While many links on the page now redirect elsewhere, Internet Archive’s Wayback Machine came to the rescue. For those unfamiliar with the service, they’ve been capturing publicly available websites for decades and storing them online. You can go back and see how your favorite websites looked back in the day, even if they’re long since defunct.

After poking around the archives of Nonchalance’s website, most of the content on early versions of the site covers their other activities, including art installations, musings on design, and related projects like Oaklandish. Only later versions of the site make reference to the “game” project they’d become best known for (click the hyperlinked word “the” in the previous sentence to see what I mean.)

The most unexpected revelation hidden in these forgotten pages is the first entry in the website’s blog (scroll all the way down) in a post from 2007, about a year before The Jejune Institute opened its doors to the public.

The post reads in part:

Picture in your mind a cartoon character sleepwalking. Observe as they stutter, step, and stumble blindly out of bed, down the stairs and out the front door on to a busy street. They narrowly dodge impending danger without effort or awareness. Cars race by, they are turned around in a revolving door, and after the languid adventure they are somehow returned to bed unharmed. It’s a certain attribute the cartoon character possesses: to be able to stumble through life with nary a care, prodigiously protected and provided for by the invisible hand of good fortune. This ability is called Divine Nonchalance.
 
And so; our titled is lifted from this phrase, which may have its origins in modern Tarot: it appears on the card of The Fool. It signifies a certain blessed carelessness, a freedom from inhibition that sparks and inspires creativity. Long ago our local clique adopted the phrase to describe certain peoples who possessed the gift. If you possess it, as visionary artists often do, than you too may be one of the Divine Nonchalants.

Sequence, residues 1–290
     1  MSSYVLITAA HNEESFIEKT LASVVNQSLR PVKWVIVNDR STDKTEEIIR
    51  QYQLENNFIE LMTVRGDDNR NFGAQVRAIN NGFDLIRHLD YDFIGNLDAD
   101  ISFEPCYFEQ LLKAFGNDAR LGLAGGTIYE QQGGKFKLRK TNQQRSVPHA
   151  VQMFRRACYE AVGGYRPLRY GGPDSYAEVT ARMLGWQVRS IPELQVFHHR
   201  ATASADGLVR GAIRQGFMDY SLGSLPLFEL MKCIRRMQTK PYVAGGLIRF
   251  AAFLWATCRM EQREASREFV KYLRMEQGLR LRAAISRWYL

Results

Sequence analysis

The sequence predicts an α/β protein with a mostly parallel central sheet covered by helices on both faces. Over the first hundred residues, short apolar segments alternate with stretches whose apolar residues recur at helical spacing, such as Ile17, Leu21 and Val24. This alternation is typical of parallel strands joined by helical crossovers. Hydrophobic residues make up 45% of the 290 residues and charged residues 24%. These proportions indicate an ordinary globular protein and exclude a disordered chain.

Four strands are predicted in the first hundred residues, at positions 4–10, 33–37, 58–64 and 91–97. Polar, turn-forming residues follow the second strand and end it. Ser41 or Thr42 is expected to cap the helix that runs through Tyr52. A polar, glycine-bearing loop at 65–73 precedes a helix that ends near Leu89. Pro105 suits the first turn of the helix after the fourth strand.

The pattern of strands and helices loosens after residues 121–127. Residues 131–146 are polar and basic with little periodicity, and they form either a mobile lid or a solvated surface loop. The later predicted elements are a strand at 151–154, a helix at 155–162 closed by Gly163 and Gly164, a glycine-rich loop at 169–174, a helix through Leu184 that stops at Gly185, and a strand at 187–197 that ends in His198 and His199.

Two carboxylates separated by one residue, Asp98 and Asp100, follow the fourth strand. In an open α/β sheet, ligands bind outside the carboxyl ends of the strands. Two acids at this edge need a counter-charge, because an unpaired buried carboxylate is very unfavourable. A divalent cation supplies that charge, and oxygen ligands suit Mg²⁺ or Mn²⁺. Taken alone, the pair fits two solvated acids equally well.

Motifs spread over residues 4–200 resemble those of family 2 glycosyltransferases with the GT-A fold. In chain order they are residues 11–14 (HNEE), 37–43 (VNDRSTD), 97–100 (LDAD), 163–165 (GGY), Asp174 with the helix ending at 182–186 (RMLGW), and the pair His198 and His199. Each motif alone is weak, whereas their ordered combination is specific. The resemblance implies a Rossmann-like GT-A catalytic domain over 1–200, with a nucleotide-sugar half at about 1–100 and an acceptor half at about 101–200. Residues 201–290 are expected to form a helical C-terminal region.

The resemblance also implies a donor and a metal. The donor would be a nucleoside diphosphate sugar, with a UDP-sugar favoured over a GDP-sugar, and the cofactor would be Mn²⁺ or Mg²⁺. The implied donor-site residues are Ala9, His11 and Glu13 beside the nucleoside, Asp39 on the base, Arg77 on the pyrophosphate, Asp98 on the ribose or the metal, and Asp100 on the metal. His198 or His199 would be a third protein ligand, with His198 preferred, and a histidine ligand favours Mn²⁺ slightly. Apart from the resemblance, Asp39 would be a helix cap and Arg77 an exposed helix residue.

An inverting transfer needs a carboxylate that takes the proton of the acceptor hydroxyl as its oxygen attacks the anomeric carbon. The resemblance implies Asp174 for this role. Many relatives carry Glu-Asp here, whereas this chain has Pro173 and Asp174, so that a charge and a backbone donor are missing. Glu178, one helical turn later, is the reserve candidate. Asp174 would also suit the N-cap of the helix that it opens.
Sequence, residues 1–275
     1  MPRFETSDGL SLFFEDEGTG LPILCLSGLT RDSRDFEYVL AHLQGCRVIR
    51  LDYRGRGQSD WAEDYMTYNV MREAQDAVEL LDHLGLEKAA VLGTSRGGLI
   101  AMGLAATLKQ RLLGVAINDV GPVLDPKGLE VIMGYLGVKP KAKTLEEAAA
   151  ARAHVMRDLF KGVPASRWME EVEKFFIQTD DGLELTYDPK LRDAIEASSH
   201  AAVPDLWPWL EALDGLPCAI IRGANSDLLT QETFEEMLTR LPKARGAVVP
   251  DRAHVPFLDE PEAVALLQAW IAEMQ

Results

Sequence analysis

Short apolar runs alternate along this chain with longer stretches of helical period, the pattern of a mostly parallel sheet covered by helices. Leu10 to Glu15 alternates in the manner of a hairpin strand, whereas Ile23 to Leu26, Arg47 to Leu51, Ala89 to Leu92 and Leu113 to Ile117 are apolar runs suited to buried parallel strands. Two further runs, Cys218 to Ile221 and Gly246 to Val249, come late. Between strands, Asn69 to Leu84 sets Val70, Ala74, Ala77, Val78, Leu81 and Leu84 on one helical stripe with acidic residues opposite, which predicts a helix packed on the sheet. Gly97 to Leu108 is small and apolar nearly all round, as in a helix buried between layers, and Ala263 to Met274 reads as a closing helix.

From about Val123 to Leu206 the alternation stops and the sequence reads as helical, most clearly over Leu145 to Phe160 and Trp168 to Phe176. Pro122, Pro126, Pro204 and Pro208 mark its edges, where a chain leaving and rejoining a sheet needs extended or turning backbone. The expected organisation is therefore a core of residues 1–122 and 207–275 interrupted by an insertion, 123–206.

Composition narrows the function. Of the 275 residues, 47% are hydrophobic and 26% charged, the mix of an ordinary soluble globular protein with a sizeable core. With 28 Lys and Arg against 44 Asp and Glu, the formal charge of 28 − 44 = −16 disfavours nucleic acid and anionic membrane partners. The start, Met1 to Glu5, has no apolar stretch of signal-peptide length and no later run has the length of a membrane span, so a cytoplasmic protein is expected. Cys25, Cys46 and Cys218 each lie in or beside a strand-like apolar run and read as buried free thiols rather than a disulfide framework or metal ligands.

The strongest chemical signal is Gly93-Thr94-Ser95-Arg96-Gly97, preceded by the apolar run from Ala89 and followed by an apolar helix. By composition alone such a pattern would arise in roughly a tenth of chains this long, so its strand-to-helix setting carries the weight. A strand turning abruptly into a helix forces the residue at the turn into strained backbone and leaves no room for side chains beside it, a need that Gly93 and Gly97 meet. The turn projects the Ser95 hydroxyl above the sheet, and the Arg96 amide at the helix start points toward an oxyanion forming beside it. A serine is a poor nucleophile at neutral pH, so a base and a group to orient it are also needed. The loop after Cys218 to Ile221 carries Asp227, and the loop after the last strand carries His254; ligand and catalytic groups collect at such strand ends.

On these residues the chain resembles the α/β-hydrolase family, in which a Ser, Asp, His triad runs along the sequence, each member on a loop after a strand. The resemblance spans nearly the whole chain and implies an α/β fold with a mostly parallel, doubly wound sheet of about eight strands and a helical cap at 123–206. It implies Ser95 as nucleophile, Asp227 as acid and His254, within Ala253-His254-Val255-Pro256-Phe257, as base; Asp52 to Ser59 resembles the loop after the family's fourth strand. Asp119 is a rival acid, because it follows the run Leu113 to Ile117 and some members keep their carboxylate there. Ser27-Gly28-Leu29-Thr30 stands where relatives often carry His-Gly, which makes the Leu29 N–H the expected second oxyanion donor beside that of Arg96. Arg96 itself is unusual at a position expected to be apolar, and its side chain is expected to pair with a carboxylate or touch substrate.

BUT BEWARE: like any other gift, it comes with a price. The special power of Nonchalance is not found on the card of the King, or of the Sun… it is found on the card of The Fool. Clowns, wise guys, drunks and musicians are the salty sort of down-trodden folk who usually possess this super power in spades. And of course; cartoon characters. This special breed of people all share the wonderful attribute. It’s a shame they’ll never quite know what to do with it. By definition the Nonchalant is wonderfully scattered, and lacking in all direction. The ride is fantastic, but it only leads back to where we began.
 
It is appropriate then that we put the title to use. Nonchalance.org is a small looking glass into the creative lives of a few east bay souls. Here is where we document our works, make audacious statements of purpose, post exhibit schedules, engage with theory, trade intelligence, and celebrate our love for the past, present and future of this glorious lifetime.

A slightly different version of the Divine Nonchalance definition can be found on this page from a 2008 snapshot of Nonchalance.com

If any of this definition sounds familiar it’s because “Commander 14,” played by Harry S. Robins, read a nearly identical script on a certain pirate radio station in Dolores Park in the second chapter of The Jejune Institute. You can listen to the full broadcast here. The part similar to the above quote starts at about 1:20. But really, you should listen to the entire thing; it’s less than an hour long and it’s quite funny. Listen to it at Dolores Park if you want the most authentic experience.

It’s amazing what mind-blowing mysteries we can accidentally unlock in the middle of the night. Assuming there’s no microwave harassment, of course.

Birdhouse for rent in Dolores Park

June 17, 2016

Birdhouse for rent in Dolores Park

While the plan to rent sections of Dolores Park to humans ended almost as soon as it began, birds now have the option to rent this lovely apartment dangling from a tree in the park, located at the corner near 20th and Dolores Street.